Commentary

“I hear your company is up for sale”

Zack Beauchamp, at vox.com wrote a long and detailed analysis about how democracy died in broad daylight in Hungary, replacing every cog in the system until it was no longer the same thing. One of his interviewees, a businessman asking for anonymity, told him a very typical story: how Orbán’s loyalists look up successful parties and buy them – whether they are up for sale or not. Listen to his podcast about his experience (mp3) here.

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“You’d think that the Buda office of a successful Hungarian corporation would radiate a sense of power: looking out over the city, confident in its wealth. But the one I visited felt less like Wall Street and more like the site of a wake. One of the company’s founders, who asked to remain anonymous out of fear of retaliation, explained why: The Orbán regime had just shaken them down, using mafia-like tactics to seize control of the corporation.”

This story wouldn’t turn a head in Hungary. At this point there is simply no one in business who wasn’t directly or indirectly affected by such takeovers. Everyone can tell you a story or ten, the only difference is that when Fidesz supported tell it, it is presented as a success story, as victory over the naysayers and those who lacked vision.

Those non-visionaries, who built up legitimately successful companies, in the meantime, are leaving the country. They understand that fighting back is futile, that the legal system is rigged as well as the entire economy. Even if they don’t depend on EU-funds in their businesses, they still depend on Fidesz to not attack them.

“The founder explained that he had recently received a phone call from a government official, one whose office had nothing to do with the business in question, who had “heard” the man’s corporation was for sale. This was news to the businessman: “We weren’t planning to sell,” he told me.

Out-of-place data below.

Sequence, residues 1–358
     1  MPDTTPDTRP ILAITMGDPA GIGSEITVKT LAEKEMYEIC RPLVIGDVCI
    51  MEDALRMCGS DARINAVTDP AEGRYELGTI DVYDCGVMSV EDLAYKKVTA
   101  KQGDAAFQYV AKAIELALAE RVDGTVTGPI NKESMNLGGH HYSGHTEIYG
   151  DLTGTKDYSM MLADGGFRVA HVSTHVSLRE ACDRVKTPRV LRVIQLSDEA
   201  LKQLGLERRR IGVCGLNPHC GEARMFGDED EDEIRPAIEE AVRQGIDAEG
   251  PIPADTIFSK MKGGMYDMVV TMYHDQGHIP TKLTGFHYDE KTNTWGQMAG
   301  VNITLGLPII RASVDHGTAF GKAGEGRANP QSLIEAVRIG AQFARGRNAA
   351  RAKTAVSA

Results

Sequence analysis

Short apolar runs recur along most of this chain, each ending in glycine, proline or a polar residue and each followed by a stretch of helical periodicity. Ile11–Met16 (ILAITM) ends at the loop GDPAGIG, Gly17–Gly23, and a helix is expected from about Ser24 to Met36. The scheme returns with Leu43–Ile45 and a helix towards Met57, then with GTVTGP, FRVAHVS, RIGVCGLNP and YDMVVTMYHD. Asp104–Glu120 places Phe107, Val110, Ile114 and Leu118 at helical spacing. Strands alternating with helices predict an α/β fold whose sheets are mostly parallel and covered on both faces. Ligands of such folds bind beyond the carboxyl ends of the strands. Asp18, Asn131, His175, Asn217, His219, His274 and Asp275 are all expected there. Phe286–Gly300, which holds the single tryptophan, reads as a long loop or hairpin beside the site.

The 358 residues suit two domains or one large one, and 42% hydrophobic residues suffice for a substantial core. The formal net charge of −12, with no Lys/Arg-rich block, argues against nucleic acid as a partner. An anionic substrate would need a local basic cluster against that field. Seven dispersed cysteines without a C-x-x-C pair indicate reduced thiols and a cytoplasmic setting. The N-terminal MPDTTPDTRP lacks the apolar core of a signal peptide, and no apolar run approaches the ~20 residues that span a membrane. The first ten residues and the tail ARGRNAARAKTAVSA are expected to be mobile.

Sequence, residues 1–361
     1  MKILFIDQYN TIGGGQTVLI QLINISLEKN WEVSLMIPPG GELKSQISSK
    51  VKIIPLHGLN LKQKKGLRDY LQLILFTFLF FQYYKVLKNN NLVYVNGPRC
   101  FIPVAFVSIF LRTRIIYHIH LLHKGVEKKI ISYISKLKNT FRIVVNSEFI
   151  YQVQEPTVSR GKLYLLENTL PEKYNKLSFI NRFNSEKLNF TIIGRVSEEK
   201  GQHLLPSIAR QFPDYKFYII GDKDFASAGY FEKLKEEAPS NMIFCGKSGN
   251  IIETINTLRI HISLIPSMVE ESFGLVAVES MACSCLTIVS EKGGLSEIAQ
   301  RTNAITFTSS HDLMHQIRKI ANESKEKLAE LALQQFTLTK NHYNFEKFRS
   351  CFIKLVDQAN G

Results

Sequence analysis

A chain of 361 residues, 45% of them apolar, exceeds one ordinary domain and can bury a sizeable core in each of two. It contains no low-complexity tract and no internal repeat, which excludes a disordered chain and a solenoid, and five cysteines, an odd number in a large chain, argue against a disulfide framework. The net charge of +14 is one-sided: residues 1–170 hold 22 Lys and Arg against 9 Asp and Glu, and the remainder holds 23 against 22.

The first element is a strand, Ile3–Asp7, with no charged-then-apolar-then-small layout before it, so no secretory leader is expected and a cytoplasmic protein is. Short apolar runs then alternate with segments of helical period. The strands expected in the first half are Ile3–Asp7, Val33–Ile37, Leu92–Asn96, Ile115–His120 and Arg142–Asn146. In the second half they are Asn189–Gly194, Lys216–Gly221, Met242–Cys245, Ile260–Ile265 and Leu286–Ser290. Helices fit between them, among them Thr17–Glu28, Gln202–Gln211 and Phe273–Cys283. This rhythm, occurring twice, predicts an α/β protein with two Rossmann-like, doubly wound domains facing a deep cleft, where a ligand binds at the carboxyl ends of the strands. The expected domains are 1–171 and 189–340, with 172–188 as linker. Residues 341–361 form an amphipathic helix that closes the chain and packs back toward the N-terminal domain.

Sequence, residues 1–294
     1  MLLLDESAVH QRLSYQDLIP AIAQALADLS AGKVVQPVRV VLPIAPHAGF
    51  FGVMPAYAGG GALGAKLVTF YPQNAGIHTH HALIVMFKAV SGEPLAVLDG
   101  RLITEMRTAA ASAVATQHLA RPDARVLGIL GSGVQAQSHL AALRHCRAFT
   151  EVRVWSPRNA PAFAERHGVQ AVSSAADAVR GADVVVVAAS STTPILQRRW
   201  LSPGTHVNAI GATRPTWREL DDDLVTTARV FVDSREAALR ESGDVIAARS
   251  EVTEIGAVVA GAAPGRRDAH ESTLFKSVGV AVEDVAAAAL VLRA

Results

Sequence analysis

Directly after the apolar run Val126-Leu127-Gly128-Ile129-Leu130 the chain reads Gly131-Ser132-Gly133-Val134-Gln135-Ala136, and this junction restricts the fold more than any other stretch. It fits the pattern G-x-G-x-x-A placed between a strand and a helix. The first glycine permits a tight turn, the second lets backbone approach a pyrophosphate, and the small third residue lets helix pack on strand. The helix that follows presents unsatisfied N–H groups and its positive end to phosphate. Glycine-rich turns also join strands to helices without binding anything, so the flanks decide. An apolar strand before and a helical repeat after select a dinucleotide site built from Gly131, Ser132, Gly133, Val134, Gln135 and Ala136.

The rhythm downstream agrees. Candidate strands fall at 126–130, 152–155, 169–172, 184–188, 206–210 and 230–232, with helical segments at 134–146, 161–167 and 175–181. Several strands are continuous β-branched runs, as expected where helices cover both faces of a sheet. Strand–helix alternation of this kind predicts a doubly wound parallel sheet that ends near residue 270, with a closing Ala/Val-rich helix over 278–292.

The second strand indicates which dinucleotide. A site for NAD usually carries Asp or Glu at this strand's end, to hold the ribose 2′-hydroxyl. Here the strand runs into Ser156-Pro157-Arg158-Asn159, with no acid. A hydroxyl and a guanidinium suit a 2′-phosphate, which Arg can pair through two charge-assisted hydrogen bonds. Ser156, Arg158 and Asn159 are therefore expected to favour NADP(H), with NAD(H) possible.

But the government wanted his company as a way to gain access to a new stream of EU funding the state coveted. Anyone familiar with the way business in Hungary worked, the business executive said, would understand that the phone call was an implicit threat. He could either sell his company, and abandon something he’d spent years building, or watch helplessly as the government choked it to death with taxes and regulations.

“Anybody who has a conflict with any of [Orbán’s] boys, they will get the tax agency within weeks — for many weeks,” he says. “We weren’t forced to sell; we just weren’t allowed to win.”

So he sold his company to a major state-run enterprise. He has since moved his family out of Hungary, elsewhere in Europe — hopefully putting them outside of Fidesz’s reach.

“This place” — meaning Hungary — “is closing down,” he says. “[My] kids will be doing great in a real, free European country.”

There was also this study by British researchers who interviewed dozens of top managers doing business in Hungary who have all also reported about the same mafia tactics from Orbán’s confident and untouchable loyalists. They come and offer to buy, money is no problem, they are not making it themselves, and it you refuse, they will either harass you with the taxman, or write new laws that push you out of the market. Or both.

None of these incidents is isolated or an unintended consequence of Orbán’s glorious illiberal feudalism. It has been his plan all along. Orbán doesn’t have a free market bone in his body, no matter what misguided or corrupt conservatives all over the world want to believe.

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